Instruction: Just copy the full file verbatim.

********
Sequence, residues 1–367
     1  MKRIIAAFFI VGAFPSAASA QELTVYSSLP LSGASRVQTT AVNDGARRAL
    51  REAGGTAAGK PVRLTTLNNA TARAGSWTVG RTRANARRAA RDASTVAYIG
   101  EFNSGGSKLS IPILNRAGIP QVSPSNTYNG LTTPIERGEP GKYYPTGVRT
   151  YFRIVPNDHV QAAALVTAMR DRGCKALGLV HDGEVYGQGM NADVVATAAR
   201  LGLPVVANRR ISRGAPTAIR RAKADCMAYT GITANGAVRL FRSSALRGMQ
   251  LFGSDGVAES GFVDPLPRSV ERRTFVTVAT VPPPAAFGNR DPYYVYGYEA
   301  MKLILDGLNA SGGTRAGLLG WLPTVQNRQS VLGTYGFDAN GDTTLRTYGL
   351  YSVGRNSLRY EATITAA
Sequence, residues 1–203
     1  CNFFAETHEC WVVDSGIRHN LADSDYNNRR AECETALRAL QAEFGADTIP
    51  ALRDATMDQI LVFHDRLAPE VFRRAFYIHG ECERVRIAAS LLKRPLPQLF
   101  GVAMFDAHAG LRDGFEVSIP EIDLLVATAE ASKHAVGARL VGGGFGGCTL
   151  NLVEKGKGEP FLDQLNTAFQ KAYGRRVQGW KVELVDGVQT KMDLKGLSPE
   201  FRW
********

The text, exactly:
Sequence, residues 1–367
     1  MKRIIAAFFI VGAFPSAASA QELTVYSSLP LSGASRVQTT AVNDGARRAL
    51  REAGGTAAGK PVRLTTLNNA TARAGSWTVG RTRANARRAA RDASTVAYIG
   101  EFNSGGSKLS IPILNRAGIP QVSPSNTYNG LTTPIERGEP GKYYPTGVRT
   151  YFRIVPNDHV QAAALVTAMR DRGCKALGLV HDGEVYGQGM NADVVATAAR
   201  LGLPVVANRR ISRGAPTAIR RAKADCMAYT GITANGAVRL FRSSALRGMQ
   251  LFGSDGVAES GFVDPLPRSV ERRTFVTVAT VPPPAAFGNR DPYYVYGYEA
   301  MKLILDGLNA SGGTRAGLLG WLPTVQNRQS VLGTYGFDAN GDTTLRTYGL
   351  YSVGRNSLRY EATITAA
Sequence, residues 1–203
     1  CNFFAETHEC WVVDSGIRHN LADSDYNNRR AECETALRAL QAEFGADTIP
    51  ALRDATMDQI LVFHDRLAPE VFRRAFYIHG ECERVRIAAS LLKRPLPQLF
   101  GVAMFDAHAG LRDGFEVSIP EIDLLVATAE ASKHAVGARL VGGGFGGCTL
   151  NLVEKGKGEP FLDQLNTAFQ KAYGRRVQGW KVELVDGVQT KMDLKGLSPE
   201  FRW